What training resources am I providing to empower officers to perform safe, simple, quick roadside assists?
I have produced a 50-minute video which can be used in-house by law enforcement agencies to help train officers to perform simple, safe, quick roadside assists with the agenda of winning hearts and minds in communities they serve – much needed in today’s too-often toxic social climate. Several measures are pro-active. Please check out the video at this link: 50-minute training video.
The complete system I am offering includes:
1) the book: see “The Book” page of this website (as a foundation, it provides many details);
2) a supplementary list of Tips and Equipment for Police Officers, to take them beyond the book, especially with advanced tire-related assist issues (Click here)- with estimated cost of each item); and
3) the video – which summarizes the book and integrates the list. The list and video are free. Agencies would acquire recommended assist equipment items independently from me; I have zero involvement except to recommend them.
The book is available at bulk rates far below retail; see the attached pricing schedule: (Click here). I recommend that as a minimum trainers administering training using the video study the book in order to field inevitable trainee questions. Ideally, all officers who will perform the assists should have studied the book; even better, they would have a copy.
The video stipulates that officer roadside assists should occur only when operational priorities allow and that traditional law enforcement duties clearly have a higher priority. The video specifies that the only assists I propose are changing tires and bringing gas (not carrying gas in the patrol vehicle, but fetching it if there’s time). Also that I’m 75 and have never been injured – because I use proper methods and equipment and take safety precautions shown in the video. My book (and I) routinely deal also with lockouts, dead batteries (with related electrical issues), and overheating. But the video specifies that these are not part of the training for law enforcers since they increase liability risk.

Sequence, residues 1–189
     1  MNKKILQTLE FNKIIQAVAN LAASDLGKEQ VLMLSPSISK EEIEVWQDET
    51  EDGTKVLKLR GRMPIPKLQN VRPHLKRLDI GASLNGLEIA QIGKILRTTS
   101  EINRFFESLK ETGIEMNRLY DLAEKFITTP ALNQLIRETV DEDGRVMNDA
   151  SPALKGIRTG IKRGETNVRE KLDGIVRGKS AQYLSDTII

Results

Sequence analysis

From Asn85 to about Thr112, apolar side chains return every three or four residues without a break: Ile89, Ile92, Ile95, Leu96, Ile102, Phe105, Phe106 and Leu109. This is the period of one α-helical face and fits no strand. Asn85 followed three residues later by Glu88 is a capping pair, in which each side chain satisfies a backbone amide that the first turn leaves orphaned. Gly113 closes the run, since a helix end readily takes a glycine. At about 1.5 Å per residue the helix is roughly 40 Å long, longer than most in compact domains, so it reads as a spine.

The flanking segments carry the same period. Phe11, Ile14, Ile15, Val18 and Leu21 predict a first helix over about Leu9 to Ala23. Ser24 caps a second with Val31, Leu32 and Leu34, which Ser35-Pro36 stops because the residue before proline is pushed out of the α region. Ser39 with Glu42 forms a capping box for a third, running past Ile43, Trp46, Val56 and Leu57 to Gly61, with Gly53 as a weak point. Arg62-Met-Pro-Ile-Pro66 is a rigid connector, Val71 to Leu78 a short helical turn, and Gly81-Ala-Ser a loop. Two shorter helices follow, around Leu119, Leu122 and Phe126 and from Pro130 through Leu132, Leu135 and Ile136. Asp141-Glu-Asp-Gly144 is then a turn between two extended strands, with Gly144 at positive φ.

The video also suggests that for officer safety, two be present – one to perform the assist and another in “overwatch”. Assisting officers may have the owner/driver of the disabled vehicle sign a liability waiver before any assist work begins.
What if your agency already uses a fleet of dedicated roadside assisters?
Your agency may have a fleet of vehicles dedicated to assisting broken down motorists – which would be great. But sometimes the most efficient way to do a job like assisting broken down motorists isn’t always the best for PR. One big reason for doing roadside assists anywhere, especially in urban areas, is to win hearts and minds, community trust, and cooperation with law enforcement – considering the toxic relations in many cities between law enforcement and primarily minority communities. An in-service officer who, when priorities allow, can participate hands-on in the assist – even if all he does is to loosen some tight lug nuts (and not merely summon a wrecker or a member of a fleet of rescue vehicles) – will make a bigger, better impression on the assist recipient as well as all others in the area who witness the assist as he/she promotes community engagement and dialogue.
If your officers already provide roadside assists, they could do them safer and quicker using my methods. Guaranteed. Officers also could do more to be pro-active and help drivers prevent breakdowns (examples are in the video).
We can agree that my initiative is “outside-the-box”, but so would be the positive reaction from assist recipients as well as many others in the area who would witness the assists. Sometimes difficult problems justify outside-the-box solutions!
I believe that such a policy, implemented by officers trained and equipped via my system, would help law enforcement departments gain respect and cooperation from served communities, making law enforcement easier and more productive in the long run. Wouldn’t this represent a “Win-Win” for all? What do you have to lose? If “Carrot and Stick” can be applied to law enforcement, simple roadside assisting can be part of the carrot, while proactive deterrent measures on the street can be part of the stick. Just imagine where this could lead in our polarized society.
What is the positive effect on officers who perform roadside assists?
Personal gratification and positive self-therapy from rendering assists is immense; this is a big reason I keep doing them. Some law enforcement agencies have problems with manpower, including retention and recruiting. Most people in law enforcement came there because they are service-oriented. Performing occasional roadside assists can help cops feel good about themselves – which should help retention and recruiting. Perhaps officers’ doing an occasional rewarding assist would help counter the disturbing trend of higher rates of officer suicides.